The passing of one of the all-time great jazz trumpet and flugelhorn players, Clark Terry, has me thinking this week of what might have been had I stayed in the music business.

When I finished my undergraduate degree, I immediately pursued earning an MBA. That decision meant I’d have to give up playing trumpet professionally. I knew I could always return to music if and when it made sense.

I was concerned that if I did not stay in school, I’d get distracted and end up paying a huge price later. Working full-time in high-tech and the evening MBA program left me no room for playing my horn.

Clark Terry had a gift for inspiring others to attempt the jazz life. “The technical demands of this art form are so high, and the financial rewards often so slight, that only the most gifted and intrepid souls need try” writes Howard Reich in the Chicago Tribune this past week. Musicians know this all too well.

Clark offered me inspiration to “attempt the jazz life” as Reich offered. Yet, I resisted, believing that the financial rewards might be lacking and intermittent and, recognizing that, while I was talented, there were other trumpet players both known and unknown to me who could replace me.

Being a professional musician is a very competitive and, often, a cut-throat business. I encourage you to see the movie Whiplash which offers some perspective. Towards the end of the movie, we hear (and I’m paraphrasing), “If you do really well tonight, it can launch your career and if you don’t, you’ll be looking for a new line of work.”

Did I make the right choice? Yes. No question.

I knew what happened to musicians who lived on the road and, frankly, it wasn’t pretty. I knew what the musicians playing in the studios lived like and their lives were very stressful. I didn’t want to do something I loved so much for a living. And, I didn’t want to always be looking over my shoulder wondering if the trumpet player across the room would be replacing me on the next gig.

How does playing trumpet impact my consulting today?

  • I still have to play to the crowd–my clients
  • I have to lead with a strong, clear intention if I am to succeed and my clients are to succeed
  • Improvisation teaches that there’s more than one way to get to an end result while still achieving the objectives within a framework
  • I can’t rush or drag in terms of tempo–each client is different in terms of the tempo at which they can absorb change
  • I have to have fun along the way

Photo Credit: of Dave Gardner playing Taps for a Wounded Warrior event on September, 11, 2011

Thought for the week:

“If a user is having a problem, it’s our problem.” – Steve Jobs
What do you think? I welcome your comments!

Dave Gardner, Gardner & Associates Consulting

© 2015 Gardner & Associates Consulting  All Rights Reserved

Note:  This posting is based on my weekly “Thank God It’s Monday” that helps you and your company thrive! To receive an email version of “Thank God It’s Monday” to start your week, please subscribe here.  I would very much appreciate your suggesting to others that they subscribe.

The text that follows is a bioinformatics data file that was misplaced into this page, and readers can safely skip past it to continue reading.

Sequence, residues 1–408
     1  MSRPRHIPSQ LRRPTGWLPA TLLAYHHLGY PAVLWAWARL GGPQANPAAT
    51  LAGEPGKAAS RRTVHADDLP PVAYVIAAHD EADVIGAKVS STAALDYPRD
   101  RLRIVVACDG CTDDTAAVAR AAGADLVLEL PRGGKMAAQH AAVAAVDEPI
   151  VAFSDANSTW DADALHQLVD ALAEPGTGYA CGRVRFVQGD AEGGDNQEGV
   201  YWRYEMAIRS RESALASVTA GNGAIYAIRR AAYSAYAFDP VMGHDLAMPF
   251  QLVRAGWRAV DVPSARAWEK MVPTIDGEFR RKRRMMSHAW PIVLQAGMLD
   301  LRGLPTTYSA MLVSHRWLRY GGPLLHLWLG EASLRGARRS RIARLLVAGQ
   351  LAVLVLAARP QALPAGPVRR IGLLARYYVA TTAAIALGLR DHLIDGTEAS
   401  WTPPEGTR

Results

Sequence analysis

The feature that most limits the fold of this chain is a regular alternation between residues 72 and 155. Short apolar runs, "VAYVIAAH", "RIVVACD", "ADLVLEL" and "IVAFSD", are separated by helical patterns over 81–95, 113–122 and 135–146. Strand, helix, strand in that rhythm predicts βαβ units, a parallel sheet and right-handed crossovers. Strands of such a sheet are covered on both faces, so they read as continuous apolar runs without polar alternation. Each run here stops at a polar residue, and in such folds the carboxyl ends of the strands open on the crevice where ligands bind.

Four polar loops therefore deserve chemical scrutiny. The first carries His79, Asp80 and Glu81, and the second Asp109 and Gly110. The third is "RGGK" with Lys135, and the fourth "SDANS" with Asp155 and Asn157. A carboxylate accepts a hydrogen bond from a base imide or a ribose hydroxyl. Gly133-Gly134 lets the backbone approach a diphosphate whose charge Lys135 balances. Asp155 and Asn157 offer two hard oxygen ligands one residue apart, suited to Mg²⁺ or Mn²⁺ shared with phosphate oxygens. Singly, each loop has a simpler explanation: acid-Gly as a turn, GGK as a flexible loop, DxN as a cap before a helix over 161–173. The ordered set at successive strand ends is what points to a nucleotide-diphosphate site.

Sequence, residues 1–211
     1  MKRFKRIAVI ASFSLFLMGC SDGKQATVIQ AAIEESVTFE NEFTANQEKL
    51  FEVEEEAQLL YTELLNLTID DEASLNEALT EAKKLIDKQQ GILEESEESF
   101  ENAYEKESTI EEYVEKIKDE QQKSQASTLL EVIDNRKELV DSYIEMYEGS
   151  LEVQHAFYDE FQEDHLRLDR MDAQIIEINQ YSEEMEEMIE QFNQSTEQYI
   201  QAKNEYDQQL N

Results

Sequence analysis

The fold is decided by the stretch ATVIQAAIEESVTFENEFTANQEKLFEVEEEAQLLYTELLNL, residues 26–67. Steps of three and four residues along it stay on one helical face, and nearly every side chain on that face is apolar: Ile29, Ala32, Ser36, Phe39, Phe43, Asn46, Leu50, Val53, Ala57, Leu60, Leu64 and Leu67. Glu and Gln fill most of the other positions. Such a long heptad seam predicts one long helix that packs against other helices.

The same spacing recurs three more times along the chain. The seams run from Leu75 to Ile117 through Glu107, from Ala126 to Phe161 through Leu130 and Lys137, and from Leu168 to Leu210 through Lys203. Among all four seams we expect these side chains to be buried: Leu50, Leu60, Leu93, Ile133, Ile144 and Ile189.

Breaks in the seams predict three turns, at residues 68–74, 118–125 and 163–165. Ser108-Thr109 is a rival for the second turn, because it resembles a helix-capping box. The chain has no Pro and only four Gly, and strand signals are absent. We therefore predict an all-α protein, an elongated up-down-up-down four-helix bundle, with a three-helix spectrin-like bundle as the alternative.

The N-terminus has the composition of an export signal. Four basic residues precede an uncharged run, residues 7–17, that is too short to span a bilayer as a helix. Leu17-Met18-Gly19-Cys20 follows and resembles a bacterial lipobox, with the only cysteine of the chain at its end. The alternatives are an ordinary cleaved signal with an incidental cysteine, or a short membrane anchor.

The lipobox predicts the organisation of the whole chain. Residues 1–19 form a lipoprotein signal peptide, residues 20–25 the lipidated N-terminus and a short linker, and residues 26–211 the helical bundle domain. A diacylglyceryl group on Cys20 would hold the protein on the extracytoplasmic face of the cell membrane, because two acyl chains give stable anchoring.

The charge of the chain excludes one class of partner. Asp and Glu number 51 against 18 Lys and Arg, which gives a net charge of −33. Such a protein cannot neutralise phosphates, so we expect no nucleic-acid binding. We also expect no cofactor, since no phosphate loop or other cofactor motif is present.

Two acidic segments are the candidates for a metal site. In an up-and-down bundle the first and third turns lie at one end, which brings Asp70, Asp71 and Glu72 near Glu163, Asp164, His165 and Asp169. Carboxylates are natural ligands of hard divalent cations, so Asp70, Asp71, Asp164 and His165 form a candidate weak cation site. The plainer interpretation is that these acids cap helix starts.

Privacy Statement:  Our subscriber lists are never rented, sold, or loaned to any other parties for any reason.

Clark Terry Jazz Musician Extraordinaire

February 23, 2015

Clark Terry, jazz musician extraordinare, passed at the age of 94 in recent days.  He was an inspiration to me and millions of jazz musicians throughout the world.

Like Clark, I played trumpet and flugelhorn in bands ranging fom jazz quartets to big band jazz groups. My jazz mentors included people who had played professionally with Stan Kenton, Woody Herman, Maynard Furgeson and other big bands.

Clark and I shook hands in an elevator at a hotel I stayed at during a Northridge jazz festival in Southern California back in the 1970’s. Clark had heard me play that day and congratulated me for my solo with a big band jazz group. I was stunned beyond belief to see him and to hear his kind words. Yet, that’s who Clark was: a kind, generous and enormously talented man.

We’ve lost some great musicians in my lifetime. The loss of Clark Terry is huge. What a great life he lived.

Here’s a video of him doing a couple of solos with the Tonight Show band. Enjoy!


2014 Year In Review

December 31, 2014


There are so many things that occurred during the course of 2014, I wanted to mention a few things that stand out in my mind.

• The San Francisco Giants winning their third World Series in five years
• The pitching of Madison Bumgarner during the post season—no one has ever had such a low earned run average (ERA) in the post season
• Mo’ne Davis and her victory in the Little League World Series
• The passing of Robin Williams and seeing what an incredible, generous, multi-dimensional talent he represented
• The tragedies suffered by Malaysia Airline and AsiaAir
• The rise and horror ISIS represents in the Middle East
• The horror in Syria
• The police and the harsh treatment of some of our citizens and the citizen protests across the nation
• The U.S. Secret Service troubles
• The Republican landslide in the 2014 mid-term elections and what that might mean for the gridlock that has plagued Congress
• Dell World 2014 and seeing how Dell has been unleashed by going private
• The retreat of gasoline prices in the second half of this year and the economic impact it is having on nations
• The San Francisco 49ers letting one of the best coaches in football go because the owner and general manager “couldn’t figure out how to make it work” between the three of them
• My dad’s recovery from heart surgery and actions he took to alleviate sciatica pain that had compromised his life for over 10 years
• My wife’s commitment to her mother the past 8 years—her mother is now in a home and my wife is recovering from her 24/7 caregiving efforts